Multipliers: How the Best Leaders Make Everyone Smarter by Liz Wiseman
All of us, whether we’re in management at work, lead a small team at church, or just take the lead on particular activities with our family and friends, engage in leadership and have an influence on others. While some people in leadership are ‘diminishers’, they cause others to feel less motivated and confident, others are ‘multipliers’. In this very clearly written and easy to read book, Liz Wiseman explains some of the key characteristics of a multiplier and how we can become someone who increases the potential of others in our team, therefore multiplying our impact. When it comes to seeking justice, maximising our impact and releasing others around us into their full potential, embracing multiplying characteristics is crucial. Learning what type of multiplier we can be and how to get the best out of others around us is something that I think everyone in the Just Love network should do.
Recommended by Esther
First, Break All the Rules by Marcus Buckingham and Curt Coffman
Most people are not very engaged at work. To get the best out of talented employees, you need good managers. A number of books have tried to solve the problem of what makes a good manager, or leader, but they are often an extrapolation of the author’s own personality or experience. This book is based on interviews with over 80,000 high-performing managers, from pub managers to priests, as well as surveys of more than 1 million employees. It’s thorough, it’s practical, and it enjoyably takes down a lot of conventional wisdom around how organisations work that you perhaps always found a bit frustrating but never quite knew how to argue with. Even though a lot of the research was carried out over 20 years ago, I’ve found a lot of their suggestions to hold very true today.
Recommended by Tom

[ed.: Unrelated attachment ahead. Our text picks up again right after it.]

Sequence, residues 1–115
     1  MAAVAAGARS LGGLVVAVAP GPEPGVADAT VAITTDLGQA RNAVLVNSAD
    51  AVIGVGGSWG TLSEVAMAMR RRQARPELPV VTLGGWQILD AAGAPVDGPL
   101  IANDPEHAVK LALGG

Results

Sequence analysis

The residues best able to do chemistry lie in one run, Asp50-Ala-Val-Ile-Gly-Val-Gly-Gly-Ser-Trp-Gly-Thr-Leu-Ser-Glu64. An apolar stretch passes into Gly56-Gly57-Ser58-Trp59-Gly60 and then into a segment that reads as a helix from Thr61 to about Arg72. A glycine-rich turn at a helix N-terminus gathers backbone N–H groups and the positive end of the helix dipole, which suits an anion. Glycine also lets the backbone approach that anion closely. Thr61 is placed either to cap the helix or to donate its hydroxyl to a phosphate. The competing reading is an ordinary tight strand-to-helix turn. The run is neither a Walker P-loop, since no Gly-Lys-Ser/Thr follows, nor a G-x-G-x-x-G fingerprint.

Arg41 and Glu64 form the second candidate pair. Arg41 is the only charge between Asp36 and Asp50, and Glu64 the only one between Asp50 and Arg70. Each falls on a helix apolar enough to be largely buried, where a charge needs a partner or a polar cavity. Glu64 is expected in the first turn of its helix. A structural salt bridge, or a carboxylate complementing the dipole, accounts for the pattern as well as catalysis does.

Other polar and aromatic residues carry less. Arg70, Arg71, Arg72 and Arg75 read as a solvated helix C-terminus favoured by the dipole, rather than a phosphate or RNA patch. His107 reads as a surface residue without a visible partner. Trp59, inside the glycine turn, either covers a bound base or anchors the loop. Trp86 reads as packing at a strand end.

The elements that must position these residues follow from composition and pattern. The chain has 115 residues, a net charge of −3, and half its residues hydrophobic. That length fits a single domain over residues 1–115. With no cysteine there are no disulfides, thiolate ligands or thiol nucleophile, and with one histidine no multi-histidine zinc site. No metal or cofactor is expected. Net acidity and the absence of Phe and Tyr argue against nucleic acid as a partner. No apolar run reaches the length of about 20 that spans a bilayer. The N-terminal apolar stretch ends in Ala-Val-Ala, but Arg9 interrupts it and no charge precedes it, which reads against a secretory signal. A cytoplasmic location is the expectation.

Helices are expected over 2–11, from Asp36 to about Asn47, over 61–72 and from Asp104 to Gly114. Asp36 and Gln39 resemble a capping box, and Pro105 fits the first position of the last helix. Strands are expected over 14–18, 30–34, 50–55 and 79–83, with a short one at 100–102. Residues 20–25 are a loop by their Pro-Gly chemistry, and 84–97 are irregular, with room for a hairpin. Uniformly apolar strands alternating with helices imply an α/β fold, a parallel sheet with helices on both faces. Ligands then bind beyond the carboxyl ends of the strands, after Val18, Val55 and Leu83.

Growing Leaders: Reflections on Leadership, Life and Jesus by James Lawrence
For a long time I couldn’t work out if this book was having such a profound impact on me because I was reading it at exactly the right moment or because it was objectively brilliant. I have decided it’s the latter. The book is a comprehensive guide to how we need to be growing ourselves in order to lead. It walks you through how we can stay healthy (through not losing our first love and developing Christ like characteristics, amongst other things) and then how we can develop others. It articulated so many things I had felt yet not known how to address and each chapter ends with really helpful reflection questions to enable you to take in what’s been said. The context of the author is church leadership but even if that isn’t your context, there are valuable lessons to take away. I think everyone should read it.
Recommended by Anna
Culture Making: Recovering Our Creative Calling by Andy Crouch
As a generation of leaders who are going to pursue God’s heart for justice in every sphere of society for decades to come, we will be people who shape culture- in the Church, in our communities, in our workplaces, in our families. Here Andy Crouch explores not only what it looks like for Jesus followers to relate to secular culture, but what it looks like to create and shape culture too. With illustrations and stories, Crouch unlocks the importance of bearing our cultural responsibilities lightly. We should be people who are eager to create, to bring about change, to breathe into life something new and joy-bringing but we should do all this knowing that our creativity, our ability to shape and build culture comes from all that God has given us. I would love to see our generation of leaders take on Andy’s vision of creating culture so that we can partner in our communities, our workplaces and our networks, to unleash our creativity and form a new culture where seeking justice for the oppressed, the poor, and the outcast is the norm for the sake of the King and the Kingdom.
Recommended by Esther
Growing Great Employees: Turning Ordinary People into Extraordinary Performers by Erika Anderson
If you are, or one day aspire to be, in a position of management at work, this is one of the most practically helpful books you can read. It takes you through a whole bunch of topics – listening well, interviewing for candidates, giving constructive feedback, delegation, getting into a coaching mindset, and various others – and gives you clear steps, examples and exercises for how to do these things better. All the while, it manages to maintain a metaphor about gardening in every chapter which gets only mildly tenuous. I don’t think it offers groundbreaking new ideas, but this book is great for taking things that you think you can sort of do already, breaking them down into their component parts, and helping you work out what you could be doing better.
Recommended by Tom